I like to watch the trending articles on Facebook. Occasionally I see some interesting things. Yesterday, however, I saw something that was more troubling than interesting: The Powerpuff Girls are returning to Cartoon Network in 2016.
Why is this troubling, you ask? Isn’t it just another kids’ show?
I’m glad you asked. And for the record, no, it isn’t.
As a matter of fact, I’d go so far as to say that no show is “just another kids’ show.” There’s no such thing as “just another movie”, “just another show” or “just another song.” Everything has a message. It may not be an agenda, and it may not be methodical, but there is always a message, some worldview that the filmmakers and songwriters reveal. In this case, however, I believe it is intentional. Unquestionably so. Let’s take a look at some of the show’s core elements.
To start with, you have to understand that this was not developed originally as a kids’ show. It was originally developed in 1992 as a show called Whoopass Stew (hardly family friendly), and was later adapted into The Powerpuff Girls. This is important not just because of the name, but because of the timing. We tend to think that shows get worse as time goes on, but that’s not always the case. I would argue that the shows of the early ’00s, and even the later ’90s, and even more so with animated films, were more appropriate than the late ’80s and early ’90s. The reason is that these shows came right on the tail of radical feminism, some of them telling our daughters that not only do they not need men, but that men are inherently evil. This was done many different ways in entertainment, the most prominent being the portrayal of fathers in media as moronic and irresponsible buffoons, and young men as nothing more than animalistic sexual predators.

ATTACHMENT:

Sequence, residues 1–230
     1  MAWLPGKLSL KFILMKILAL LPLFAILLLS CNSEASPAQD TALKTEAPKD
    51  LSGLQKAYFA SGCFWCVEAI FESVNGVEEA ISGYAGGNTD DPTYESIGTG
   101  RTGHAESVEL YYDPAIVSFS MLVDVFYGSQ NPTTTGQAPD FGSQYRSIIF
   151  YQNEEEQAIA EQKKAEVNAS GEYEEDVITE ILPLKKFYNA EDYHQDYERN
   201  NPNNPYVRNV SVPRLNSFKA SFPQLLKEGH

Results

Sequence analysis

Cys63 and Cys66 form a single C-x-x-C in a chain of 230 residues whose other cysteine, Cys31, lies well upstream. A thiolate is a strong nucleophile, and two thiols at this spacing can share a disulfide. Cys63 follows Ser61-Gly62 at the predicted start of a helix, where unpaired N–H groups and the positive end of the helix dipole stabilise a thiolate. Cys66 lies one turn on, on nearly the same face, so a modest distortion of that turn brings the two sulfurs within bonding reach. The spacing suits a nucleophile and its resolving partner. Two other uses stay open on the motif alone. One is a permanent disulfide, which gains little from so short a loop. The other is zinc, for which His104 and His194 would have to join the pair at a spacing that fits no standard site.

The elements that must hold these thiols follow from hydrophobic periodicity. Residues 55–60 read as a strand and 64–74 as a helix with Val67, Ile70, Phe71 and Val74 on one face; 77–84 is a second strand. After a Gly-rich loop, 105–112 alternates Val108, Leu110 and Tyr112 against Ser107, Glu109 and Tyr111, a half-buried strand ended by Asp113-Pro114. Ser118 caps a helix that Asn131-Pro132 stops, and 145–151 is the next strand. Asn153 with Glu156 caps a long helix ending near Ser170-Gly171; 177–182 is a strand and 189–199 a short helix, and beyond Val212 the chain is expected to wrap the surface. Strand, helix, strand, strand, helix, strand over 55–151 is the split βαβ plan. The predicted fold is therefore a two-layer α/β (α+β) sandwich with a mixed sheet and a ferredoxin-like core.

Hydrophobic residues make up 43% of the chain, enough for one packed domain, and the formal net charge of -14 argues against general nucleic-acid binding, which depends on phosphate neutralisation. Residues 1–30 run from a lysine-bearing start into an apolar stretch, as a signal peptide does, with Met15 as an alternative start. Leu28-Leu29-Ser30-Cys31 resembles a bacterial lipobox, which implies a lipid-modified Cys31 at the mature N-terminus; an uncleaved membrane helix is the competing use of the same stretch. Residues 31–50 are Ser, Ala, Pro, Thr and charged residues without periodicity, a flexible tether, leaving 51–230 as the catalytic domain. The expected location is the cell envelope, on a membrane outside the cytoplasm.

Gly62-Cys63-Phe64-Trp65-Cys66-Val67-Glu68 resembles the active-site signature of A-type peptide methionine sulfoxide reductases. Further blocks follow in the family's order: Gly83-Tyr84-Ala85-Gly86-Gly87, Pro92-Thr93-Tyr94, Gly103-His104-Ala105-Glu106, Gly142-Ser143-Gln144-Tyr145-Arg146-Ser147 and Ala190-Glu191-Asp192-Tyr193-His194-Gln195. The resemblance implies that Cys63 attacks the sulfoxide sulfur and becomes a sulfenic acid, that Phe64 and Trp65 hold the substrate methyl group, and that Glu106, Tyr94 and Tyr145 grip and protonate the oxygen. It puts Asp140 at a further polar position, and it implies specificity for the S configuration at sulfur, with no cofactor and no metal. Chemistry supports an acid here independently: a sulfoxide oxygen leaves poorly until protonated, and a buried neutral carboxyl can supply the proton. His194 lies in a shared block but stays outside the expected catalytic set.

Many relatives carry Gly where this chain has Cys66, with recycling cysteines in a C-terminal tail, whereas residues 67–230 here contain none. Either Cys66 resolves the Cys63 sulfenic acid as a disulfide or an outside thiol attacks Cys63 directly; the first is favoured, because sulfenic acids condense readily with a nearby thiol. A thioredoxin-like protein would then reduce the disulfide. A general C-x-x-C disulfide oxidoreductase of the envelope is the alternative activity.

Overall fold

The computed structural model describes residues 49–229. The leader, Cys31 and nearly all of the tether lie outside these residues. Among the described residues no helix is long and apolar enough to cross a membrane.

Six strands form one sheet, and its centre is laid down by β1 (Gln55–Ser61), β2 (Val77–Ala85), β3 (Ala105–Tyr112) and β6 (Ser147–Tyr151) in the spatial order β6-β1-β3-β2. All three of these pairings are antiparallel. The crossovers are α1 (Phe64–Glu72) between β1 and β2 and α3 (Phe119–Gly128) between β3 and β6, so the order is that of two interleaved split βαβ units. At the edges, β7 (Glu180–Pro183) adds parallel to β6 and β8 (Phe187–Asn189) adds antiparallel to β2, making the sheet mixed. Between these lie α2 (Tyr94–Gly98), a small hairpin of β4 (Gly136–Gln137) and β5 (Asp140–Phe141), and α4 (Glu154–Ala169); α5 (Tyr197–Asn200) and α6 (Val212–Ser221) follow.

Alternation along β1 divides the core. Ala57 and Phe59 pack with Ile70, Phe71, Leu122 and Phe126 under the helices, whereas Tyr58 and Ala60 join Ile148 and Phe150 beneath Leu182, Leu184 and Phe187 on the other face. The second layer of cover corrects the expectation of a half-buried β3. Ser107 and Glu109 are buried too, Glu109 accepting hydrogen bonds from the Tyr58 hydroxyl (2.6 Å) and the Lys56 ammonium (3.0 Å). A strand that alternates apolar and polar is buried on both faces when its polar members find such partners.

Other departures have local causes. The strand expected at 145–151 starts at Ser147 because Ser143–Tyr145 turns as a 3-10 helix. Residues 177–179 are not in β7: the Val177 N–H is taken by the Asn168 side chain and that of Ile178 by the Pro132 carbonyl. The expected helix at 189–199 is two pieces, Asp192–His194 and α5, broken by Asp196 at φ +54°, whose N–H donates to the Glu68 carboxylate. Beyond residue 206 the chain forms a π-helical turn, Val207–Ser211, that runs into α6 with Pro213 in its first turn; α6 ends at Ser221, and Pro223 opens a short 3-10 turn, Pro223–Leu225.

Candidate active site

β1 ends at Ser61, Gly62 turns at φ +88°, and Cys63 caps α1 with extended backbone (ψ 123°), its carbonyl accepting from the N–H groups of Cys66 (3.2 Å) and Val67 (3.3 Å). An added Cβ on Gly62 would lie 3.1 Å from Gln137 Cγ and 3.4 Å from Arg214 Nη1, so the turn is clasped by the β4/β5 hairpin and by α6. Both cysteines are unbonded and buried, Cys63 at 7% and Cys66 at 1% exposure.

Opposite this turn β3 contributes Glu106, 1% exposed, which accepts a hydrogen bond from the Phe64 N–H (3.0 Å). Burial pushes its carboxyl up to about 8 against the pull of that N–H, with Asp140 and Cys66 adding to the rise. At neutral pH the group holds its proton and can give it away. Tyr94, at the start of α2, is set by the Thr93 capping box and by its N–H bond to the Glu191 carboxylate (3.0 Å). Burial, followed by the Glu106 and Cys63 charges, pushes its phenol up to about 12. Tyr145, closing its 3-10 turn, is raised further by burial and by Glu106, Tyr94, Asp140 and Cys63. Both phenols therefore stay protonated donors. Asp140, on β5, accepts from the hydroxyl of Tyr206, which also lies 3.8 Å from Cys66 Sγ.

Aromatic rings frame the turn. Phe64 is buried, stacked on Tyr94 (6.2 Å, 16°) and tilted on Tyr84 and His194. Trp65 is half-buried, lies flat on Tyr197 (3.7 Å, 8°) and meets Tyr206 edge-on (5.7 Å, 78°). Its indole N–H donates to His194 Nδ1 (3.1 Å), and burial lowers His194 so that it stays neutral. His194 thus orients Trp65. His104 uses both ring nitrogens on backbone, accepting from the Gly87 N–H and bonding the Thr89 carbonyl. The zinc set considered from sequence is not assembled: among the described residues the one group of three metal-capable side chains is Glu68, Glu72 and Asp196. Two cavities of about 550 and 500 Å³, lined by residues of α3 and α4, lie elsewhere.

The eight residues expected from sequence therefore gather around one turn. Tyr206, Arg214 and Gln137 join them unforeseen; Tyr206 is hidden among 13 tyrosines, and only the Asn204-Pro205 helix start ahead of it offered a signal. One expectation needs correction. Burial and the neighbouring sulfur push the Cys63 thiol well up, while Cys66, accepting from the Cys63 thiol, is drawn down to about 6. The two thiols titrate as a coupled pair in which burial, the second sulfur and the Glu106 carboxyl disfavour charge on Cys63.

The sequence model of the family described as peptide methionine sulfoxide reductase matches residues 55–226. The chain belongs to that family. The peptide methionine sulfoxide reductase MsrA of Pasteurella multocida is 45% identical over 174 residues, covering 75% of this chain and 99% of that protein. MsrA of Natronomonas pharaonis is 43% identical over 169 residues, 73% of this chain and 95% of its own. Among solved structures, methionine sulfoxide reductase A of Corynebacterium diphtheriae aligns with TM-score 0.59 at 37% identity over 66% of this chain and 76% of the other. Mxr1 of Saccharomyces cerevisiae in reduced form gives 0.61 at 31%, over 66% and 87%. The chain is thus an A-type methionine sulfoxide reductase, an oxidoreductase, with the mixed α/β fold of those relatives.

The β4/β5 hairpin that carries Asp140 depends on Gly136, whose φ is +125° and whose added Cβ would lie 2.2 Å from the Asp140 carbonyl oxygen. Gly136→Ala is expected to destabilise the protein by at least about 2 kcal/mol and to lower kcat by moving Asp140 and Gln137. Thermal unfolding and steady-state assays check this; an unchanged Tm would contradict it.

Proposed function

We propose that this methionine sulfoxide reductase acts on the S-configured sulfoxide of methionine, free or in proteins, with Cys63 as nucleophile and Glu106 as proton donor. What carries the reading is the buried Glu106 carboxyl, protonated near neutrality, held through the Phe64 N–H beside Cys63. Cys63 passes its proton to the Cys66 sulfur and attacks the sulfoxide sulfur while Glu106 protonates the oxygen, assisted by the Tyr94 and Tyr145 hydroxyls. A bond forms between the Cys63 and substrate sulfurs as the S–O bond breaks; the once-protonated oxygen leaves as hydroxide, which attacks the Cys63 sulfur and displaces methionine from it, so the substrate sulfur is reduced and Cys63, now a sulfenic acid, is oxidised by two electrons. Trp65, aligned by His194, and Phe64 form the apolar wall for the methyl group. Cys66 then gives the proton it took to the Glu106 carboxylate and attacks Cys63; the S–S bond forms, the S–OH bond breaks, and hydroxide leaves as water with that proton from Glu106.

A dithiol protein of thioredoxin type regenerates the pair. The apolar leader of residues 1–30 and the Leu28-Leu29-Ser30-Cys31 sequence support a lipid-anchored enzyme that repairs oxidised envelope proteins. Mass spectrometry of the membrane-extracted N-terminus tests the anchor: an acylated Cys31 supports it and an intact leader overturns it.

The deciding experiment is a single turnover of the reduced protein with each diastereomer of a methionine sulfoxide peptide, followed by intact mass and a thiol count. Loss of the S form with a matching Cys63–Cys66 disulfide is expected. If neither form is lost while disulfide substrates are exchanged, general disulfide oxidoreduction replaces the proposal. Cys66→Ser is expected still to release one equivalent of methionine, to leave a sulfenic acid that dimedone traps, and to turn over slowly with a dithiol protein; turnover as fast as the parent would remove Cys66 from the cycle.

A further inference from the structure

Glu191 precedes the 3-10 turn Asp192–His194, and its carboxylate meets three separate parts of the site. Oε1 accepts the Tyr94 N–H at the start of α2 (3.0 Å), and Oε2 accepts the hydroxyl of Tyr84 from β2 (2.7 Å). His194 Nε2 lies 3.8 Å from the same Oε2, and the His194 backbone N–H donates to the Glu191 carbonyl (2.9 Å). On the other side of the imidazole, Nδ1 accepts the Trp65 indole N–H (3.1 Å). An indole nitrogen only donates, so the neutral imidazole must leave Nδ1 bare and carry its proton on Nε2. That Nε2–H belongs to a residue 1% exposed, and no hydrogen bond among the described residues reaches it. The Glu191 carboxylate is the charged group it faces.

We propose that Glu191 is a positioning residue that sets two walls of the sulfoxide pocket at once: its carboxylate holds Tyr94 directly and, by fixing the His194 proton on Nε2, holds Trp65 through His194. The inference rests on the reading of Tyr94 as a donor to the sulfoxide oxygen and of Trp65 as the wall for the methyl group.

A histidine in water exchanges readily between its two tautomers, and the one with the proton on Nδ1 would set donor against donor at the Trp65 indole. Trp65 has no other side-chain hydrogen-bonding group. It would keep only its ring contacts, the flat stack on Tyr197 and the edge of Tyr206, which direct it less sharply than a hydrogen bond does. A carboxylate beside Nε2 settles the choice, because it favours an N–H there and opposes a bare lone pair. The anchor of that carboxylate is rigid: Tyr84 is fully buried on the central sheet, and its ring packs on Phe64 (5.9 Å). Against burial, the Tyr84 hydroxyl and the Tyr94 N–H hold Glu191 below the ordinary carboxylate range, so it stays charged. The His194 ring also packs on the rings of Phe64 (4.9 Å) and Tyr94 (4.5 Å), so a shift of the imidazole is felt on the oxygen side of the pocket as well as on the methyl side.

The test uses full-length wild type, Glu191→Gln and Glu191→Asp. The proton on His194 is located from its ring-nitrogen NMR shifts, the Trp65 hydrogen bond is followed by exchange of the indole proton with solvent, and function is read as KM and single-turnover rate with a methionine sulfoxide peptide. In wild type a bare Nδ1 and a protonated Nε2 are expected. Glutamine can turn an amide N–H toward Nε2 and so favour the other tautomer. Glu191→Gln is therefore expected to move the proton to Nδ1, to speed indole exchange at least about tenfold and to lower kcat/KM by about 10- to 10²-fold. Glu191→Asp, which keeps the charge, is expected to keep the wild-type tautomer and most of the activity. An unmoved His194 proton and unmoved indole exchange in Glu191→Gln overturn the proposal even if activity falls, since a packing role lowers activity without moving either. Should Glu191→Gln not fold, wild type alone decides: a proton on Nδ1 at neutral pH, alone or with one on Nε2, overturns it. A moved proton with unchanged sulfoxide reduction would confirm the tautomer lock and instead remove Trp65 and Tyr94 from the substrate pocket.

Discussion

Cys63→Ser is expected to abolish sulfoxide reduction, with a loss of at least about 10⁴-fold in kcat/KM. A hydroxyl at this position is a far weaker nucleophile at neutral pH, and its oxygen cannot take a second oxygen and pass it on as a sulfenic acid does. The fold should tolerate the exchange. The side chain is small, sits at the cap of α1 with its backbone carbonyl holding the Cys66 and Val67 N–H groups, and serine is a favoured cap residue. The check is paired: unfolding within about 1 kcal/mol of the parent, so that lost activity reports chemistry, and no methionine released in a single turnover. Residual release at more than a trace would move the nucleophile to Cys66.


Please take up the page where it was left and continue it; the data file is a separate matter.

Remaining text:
In the case of Powerpuff Girls, these elements are so blatantly obvious that it shocks me how many have overlooked them. Let’s start with some basic plot elements:
- The girls are the superheroes.
- A comparable trio of boys in the show are villains, known as The Rowdyruff Boys.
- The primary villain, Mojo Jojo, is responsible for the creation of this male trio.
- The pure evil villain of the show is a devil known simply as Him.
These are simply elements you might find in a synopsis of the show, not to mention individual plot elements. There’s no doubt about it. This show exists to tell girls that men are worthless, evil even, and that women alone can be trusted and empowered.
First, let me be clear that I am in no way condoning men who do create heinous acts against women. There are fathers who are buffoons. There are young men (and older men) who are sexual predators. But a blanket statement of this is not true. It also undermines man’s God-given place in the home as the leader. Exposing our daughters to this will only reinforce modern culture’s sentiment that men are evil. A woman does not need a man to be valuable. We should teach our daughters that their value is not determined by romantic interest from another guy. But neither should we teach them that men are inherently wicked, which is what this show is getting at.
Do yourself and your kids a favor. Turn off the TV when this comes on. You won’t regret it.